The characterization was misguided at best, deliberately misrepresentative at worst.
The politicization of academic life in the bottom half of the 1960s shocked and appalled Prof. Joseph Ratzinger, for whom the infighting and backbiting and ideological gamesmanship in academic theological circles were fairly traumatic.
Prof. Ratzinger really believed in the university as a place for the free exchange of ideas. He hated the notion of officially enforced orthodoxy beyond the bare minimum necessary to maintain “truth in advertising” – to put it crassly – which, as a practical matter, really only required that people teaching Catholic theology be able to recite the Nicene Creed without fudging or crossing fingers.
When Pope St. John Paul II brought then-Cardinal Ratzinger to Rome from Munich, it was mostly because JPII needed someone on whom he could rely to keep his own public output unambiguously orthodox. When it came to the work of doctrinal oversight, Ratzinger was JPII’s man precisely because the philosopher-pope knew the Bavarian don would aim small and be reluctant to pull the trigger.
In any case, Ratzinger did his duty, but it was Pope St. John Paul II who signed off on the actions, and in whose name Ratzinger acted when he did act. When Ratzinger became Benedict XVI, one of the first big news-making things he did was to invite his old frenemy, Prof. Fr. Hans Kung, to the papal summer residence at Castel Gandolfo.
As far as public perception and media narrative are concerned, however, it did not matter. It still doesn’t, mostly.
Dialogue, dialogue, dialogue
Pope Francis, for his part, enjoys a reputation, in secular mainstream media and some Catholic circles, as a champion of dialogue. He calls for it almost weekly – sometimes more frequently than that – and has committed to stable dialogue with various partners both within and without the broad fold of Christianity on an institutional level.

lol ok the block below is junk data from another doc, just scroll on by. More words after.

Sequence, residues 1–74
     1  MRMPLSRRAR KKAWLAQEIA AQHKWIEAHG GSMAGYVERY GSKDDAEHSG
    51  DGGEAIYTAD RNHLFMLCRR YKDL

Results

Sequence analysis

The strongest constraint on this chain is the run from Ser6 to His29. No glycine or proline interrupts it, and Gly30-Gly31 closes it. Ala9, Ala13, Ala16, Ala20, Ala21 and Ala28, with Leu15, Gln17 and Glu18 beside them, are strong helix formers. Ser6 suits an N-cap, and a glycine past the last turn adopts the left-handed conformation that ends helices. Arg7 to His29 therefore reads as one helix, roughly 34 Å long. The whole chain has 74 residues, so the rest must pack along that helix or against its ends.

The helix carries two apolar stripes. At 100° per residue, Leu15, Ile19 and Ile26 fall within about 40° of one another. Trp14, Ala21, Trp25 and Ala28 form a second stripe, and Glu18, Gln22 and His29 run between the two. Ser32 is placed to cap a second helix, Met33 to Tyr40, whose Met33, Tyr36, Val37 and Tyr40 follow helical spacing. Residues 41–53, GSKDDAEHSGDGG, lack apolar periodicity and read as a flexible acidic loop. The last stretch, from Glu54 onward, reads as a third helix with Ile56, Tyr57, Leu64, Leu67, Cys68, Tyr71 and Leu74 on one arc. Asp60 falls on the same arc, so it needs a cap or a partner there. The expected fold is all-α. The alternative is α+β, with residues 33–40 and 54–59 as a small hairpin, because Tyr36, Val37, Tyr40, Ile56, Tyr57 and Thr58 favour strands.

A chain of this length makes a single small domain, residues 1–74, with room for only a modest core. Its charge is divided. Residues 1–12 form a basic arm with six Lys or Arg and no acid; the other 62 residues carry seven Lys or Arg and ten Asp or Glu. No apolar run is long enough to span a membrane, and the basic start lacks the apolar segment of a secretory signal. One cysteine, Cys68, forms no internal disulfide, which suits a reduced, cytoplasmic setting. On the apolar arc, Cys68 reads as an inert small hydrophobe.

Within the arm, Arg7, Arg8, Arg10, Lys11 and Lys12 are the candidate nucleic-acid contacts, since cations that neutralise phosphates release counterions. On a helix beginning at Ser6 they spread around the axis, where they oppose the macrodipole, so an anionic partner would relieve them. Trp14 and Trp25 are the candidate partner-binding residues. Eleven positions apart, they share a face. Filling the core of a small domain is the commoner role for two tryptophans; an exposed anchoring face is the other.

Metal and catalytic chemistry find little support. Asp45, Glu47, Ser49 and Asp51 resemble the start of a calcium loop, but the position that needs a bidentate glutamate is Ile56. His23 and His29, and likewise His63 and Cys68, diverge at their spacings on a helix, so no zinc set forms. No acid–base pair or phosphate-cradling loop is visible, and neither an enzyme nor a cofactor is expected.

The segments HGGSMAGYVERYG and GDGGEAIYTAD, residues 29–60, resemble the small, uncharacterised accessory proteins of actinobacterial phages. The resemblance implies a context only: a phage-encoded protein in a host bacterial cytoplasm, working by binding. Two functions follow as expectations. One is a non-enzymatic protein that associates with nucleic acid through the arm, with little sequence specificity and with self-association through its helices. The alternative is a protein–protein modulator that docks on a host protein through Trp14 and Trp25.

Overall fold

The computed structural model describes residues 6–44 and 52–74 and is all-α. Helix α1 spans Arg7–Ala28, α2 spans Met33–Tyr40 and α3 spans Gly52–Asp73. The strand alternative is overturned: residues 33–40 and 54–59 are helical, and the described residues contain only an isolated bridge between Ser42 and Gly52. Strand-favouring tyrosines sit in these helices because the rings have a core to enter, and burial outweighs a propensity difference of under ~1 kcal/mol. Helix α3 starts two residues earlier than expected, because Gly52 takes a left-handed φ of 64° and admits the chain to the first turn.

Perhaps paradoxically, again, Pope Francis has made some significant progress with the canonically irregular traditionalist priestly Society of St. Pius X, founded by the schismatic Archbishop Marcel LeFebvre. He has rehabilitated once-suspect architects and leading proponents of liberation theology like Ernesto Cardenal and Miguel d’Escoto Brockmann, who faced discipline under JPII not so much for their theological opinions as for their political activity, inter alia.
If you want to know what theological dialogue within the Catholic fold looks like under Francis, however, no picture will be complete that does not devote significant and detailed space to the purge of the Pontifical John Paul II Institute for Studies on Marriage and the Family, its juridical destruction and reconstitution as the Pontifical John Paul II Theological Institute for Marriage and Family Sciences.
There, Pope Francis acted with heavy-handedness that left academics in Rome and around the world pale and speechless, and sent a message heard far and wide about what happens when Roman or Rome-adjacent institutions displease the head man.
Perhaps the nine most terrifying words in Catholic circles could be: “I’m from the Vatican and I’m here to dialogue.”